SPX's weekly chart shows today's drop has it back down to the 62% retracement of the 2007-2009 decline, at 1228.74. Only slightly lower is the 20-week MA just below 1226. The 1220-1230 is price-level support from the August 31st and September highs. This area supported the first pullback into the November 1st low and a break below 1220 could spook more than a few traders out of their long positions (and entice bears to get short). The two red candles following the test of the broken H&S neckline, just as it did in May 2008 (which led to the strong decline into November 2008), is bearish. Notice also the MACD -- if it rolls back over from the zero line it would create a strong weekly sell signal, especially with RSI not being able to get above 60 (usually the limit for a bounce in a bear market).

S&P 500, SPX, Weekly chart

The daily chart below shows the bearish kiss goodbye at the broken H&S neckline at the end of October, followed now by another bearish kiss goodbye at the test of the 200-dma yesterday. It's hard to look at today's big red candle following that failed test as anything other than bearish. But there could be another magical rescue plan announced for Europe overnight and until SPX breaks below its November 1st low near 1215 (getting it firmly below the 1220-1230 support area), we have to respect the possibility for another rally attempt back up to at least the broken H&S neckline again (if not up to 1307 for a 78.6% retracement of the May-October decline).

S&P 500, SPX, Daily chart

Key Levels for SPX:
- bullish above 1278
- bearish below 1215

Moving in closer with the 60-min chart below, if the market has reversed back down it would be cleaner if we get another new low tomorrow morning before getting a bigger bounce. The downside target is near the November 1st low (1215.57) or possibly down to 1201 where the decline from October 27th would have two equal legs down. As depicted, the bearish wave count (red) calls for a bounce tomorrow, perhaps up to the 1240-1250 area, before tipping back over for a stronger selloff into early next week. It now takes a rally back above 1273 (downtrend line from October 27th and the 200-dma) to negate the bearish wave count although I suspect we'd have earlier clues (such as a strong impulsive rally back up). The overlapping highs and lows in the bounce off the November 1st low confirmed that the bounce was a correction and looking for a lower high was the setup. This morning's decline confirmed it.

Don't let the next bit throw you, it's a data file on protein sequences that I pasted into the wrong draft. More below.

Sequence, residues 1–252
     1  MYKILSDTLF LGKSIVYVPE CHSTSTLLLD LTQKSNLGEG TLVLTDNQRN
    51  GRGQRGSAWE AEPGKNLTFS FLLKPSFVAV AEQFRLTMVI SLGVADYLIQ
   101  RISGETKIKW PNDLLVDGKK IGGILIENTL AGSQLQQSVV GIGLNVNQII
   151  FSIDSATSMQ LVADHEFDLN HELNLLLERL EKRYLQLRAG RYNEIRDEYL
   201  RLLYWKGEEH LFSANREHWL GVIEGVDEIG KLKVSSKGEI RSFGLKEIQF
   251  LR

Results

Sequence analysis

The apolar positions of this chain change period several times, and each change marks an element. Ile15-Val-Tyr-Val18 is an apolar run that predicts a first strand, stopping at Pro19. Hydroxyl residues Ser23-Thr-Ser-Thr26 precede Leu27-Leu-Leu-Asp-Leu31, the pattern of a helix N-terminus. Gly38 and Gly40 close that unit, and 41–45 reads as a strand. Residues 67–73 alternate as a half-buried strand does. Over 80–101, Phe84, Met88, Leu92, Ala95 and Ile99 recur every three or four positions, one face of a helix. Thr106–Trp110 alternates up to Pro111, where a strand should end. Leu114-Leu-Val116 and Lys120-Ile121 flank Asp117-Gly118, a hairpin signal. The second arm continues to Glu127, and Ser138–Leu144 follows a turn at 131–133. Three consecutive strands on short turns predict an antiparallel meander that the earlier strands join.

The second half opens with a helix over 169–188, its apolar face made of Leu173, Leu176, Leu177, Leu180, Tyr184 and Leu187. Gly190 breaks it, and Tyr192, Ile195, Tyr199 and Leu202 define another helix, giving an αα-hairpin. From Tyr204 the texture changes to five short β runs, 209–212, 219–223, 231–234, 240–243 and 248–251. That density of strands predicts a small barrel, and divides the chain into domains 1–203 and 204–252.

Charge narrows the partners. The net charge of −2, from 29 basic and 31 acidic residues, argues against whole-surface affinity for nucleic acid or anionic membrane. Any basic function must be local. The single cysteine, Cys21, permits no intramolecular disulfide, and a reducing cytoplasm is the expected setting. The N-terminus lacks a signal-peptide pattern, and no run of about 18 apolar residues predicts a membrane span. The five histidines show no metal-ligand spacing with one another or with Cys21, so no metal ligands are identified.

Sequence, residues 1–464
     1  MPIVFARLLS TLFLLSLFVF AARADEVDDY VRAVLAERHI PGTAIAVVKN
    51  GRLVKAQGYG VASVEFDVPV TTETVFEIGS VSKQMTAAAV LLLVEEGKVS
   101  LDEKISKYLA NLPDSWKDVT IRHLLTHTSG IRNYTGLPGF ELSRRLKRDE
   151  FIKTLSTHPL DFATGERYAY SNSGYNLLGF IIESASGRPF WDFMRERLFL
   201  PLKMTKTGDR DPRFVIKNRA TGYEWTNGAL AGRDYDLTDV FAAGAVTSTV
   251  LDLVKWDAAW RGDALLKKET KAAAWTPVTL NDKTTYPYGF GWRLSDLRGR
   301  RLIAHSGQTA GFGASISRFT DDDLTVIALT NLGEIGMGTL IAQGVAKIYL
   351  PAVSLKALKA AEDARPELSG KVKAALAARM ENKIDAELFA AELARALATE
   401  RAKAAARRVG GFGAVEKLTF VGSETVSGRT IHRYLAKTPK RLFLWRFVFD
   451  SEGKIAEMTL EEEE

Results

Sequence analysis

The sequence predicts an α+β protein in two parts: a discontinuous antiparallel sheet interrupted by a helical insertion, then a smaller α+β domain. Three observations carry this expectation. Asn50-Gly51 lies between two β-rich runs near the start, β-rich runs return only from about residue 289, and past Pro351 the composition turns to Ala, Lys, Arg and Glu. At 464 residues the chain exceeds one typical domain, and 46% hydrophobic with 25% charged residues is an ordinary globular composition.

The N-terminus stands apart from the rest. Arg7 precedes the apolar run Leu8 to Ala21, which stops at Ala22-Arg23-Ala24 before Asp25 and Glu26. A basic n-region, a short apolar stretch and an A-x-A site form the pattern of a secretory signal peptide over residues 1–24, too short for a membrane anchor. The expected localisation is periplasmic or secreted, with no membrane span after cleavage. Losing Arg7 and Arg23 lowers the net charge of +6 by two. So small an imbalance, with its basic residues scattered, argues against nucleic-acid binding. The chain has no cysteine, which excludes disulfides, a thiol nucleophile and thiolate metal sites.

S&P 500, SPX, 60-min chart

The 15-min chart below shows what I'll be watching tomorrow. Assuming we'll get another new low early in the morning, we should then get a bounce into the afternoon before starting back down. A downside projection for the decline is to 1213.85, which as noted on the chart, is where the 3rd through 5th waves would equal the extended 1st wave. If we get a quick pop up in the morning and then a selloff we could see a low slightly above the November 1st low followed by the bigger bounce. A break above 1240 tomorrow morning (without a new low) would increase the possibility that we're only going to have a 3-wave pullback, opening the door to run to new highs into opex week. So bears should be mindful of 1240 first thing tomorrow morning and then watch to see if we get just a corrective bounce or something more impulsive to the upside. If we first get a new low and then a bounce above 1240 it would not negate the bearish pattern. With the higher bounce I will be watching for a bounce failure to get short for the next leg down. And lastly, if the market tanks hard tomorrow, starting with a big gap down, it would be uber bearish since the pattern would look like a 1-2, 1-2 wave count to the downside from Tuesday's high. That would call for a strong decline tomorrow morning followed by stair-stepping lower. I don't expect to see that but heads up (down) if it happens.

S&P 500, SPX, 15-min chart

After bouncing off its 20-dma at the November 1st low, the DOW then held its new uptrend line from October 4th, dipping down to it on Monday before starting one of those magical afternoon rallies. Today's decline is a firm break of both its uptrend line and 20-dma (11819), both obviously bearish. The bears need to see the November 1st low near 11630 broken and from there watch for potential support levels

Dow Industrials, INDU, Daily chart

Key Levels for DOW:
- bullish above 12,190
- bearish below 11,630

On Tuesday NDX made it back above its broken uptrend line from March 2009 and for the 5th time since September's attempt, it has failed to hold. I suppose one could consider it bullish that resistance keeps getting tested and I might "buy" into that theory if we weren't seeing bearish divergence since mid October. The break of its uptrend line from October 4th, and well below its 20-dma, is bearish. Now we wait to see if the 200-dma near 2298 will provide support again. A break below 2298 would target the 50-dma near 2273 but it might not be much more than a speed bump.